The launch of the Republic of Indonesia’s satellite, Satria-1, on Monday (19/6/2023) at 05:21 AM Western Indonesia Time, or Sunday (18/6/2023) at 18:21 Florida time, marked a momentous achievement. The satellite, renowned as the largest in Southeast Asia and the fifth largest globally, embarked on its journey from Cape Canaveral, Florida, propelled by SpaceX’s Falcon 9 rocket. Its destination: orbit 146 degrees East, positioned gracefully above the captivating skies of Papua.
The orbital process of Satria-1 unfolded in two meticulously planned stages. During the initial phase, the launch progressed seamlessly, with the first booster successfully detaching itself and the Falcon 9 returning to Earth in a flawless landing, showcasing the exceptional prowess of SpaceX’s engineering and technological prowess.
Transitioning into the second stage, Satria-1 continued its voyage, propelled by the second booster, steadfastly advancing towards its designated orbit. This significant milestone in Indonesia’s space exploration journey set the stage for enhanced connectivity, as the satellite’s primary objective is to cater to the internet needs of various public facilities, particularly in the remote, underdeveloped, and far-flung regions of the nation, commonly referred to as the 3T regions.
In line with the satellite’s purpose, the Ministry of Communication and Information Technology (Kemenkominfo) outlined its plans to optimize Satria’s services. One of the key measures involves streamlining the total number of service points provided by the Satria satellite.
Previously encompassing a vast network of 150,000 service points, Kemenkominfo intends to reduce this number to approximately 50,000 points. This strategic decision aims to maintain the optimal performance and efficiency of the Satria satellite, ensuring that the increased demands of the users are effectively met.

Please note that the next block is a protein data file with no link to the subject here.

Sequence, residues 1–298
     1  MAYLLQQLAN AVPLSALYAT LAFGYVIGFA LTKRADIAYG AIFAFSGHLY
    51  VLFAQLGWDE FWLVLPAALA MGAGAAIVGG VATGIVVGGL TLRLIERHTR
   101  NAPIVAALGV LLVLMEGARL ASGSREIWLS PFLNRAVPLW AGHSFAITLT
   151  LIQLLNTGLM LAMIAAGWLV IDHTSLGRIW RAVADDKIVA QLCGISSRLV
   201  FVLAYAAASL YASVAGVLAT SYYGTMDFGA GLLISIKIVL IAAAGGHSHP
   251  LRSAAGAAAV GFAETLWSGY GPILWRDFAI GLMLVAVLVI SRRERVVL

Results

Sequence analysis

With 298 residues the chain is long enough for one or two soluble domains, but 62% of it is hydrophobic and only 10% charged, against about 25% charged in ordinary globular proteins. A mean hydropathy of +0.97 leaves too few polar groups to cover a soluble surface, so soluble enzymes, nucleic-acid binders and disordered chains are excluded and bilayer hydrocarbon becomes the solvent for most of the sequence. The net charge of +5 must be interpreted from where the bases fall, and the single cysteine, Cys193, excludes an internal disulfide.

Elaborating on this development, Usman Kansong, the Director-General of Public Information and Communication at the Ministry of Communication and Information Technology, shed light on the rationale behind the reduction in service points.
He emphasized the evolving internet requirements, stating, “As we assess the current needs, it is evident that the demand has surpassed the previous capacity of 1 Mbps per point. The increased need per point now exceeds 4 Mbps.
Consequently, we believe that a more rational approach would involve focusing on approximately 50,000 service points. This will enable us to provide enhanced connectivity and fulfill the growing demands of the users across the nation.”
The successful launch of Satria-1 and the subsequent optimization of its services align with Indonesia’s commitment to advancing its technological infrastructure and bridging the digital divide.
This monumental feat brings the nation closer to achieving its connectivity goals, ensuring that even the most remote regions can benefit from improved internet access. As Indonesia forges ahead in its pursuit of technological advancements, Satria-1 stands tall as a symbol of progress, empowering the nation and enabling its citizens to participate fully in the digital age.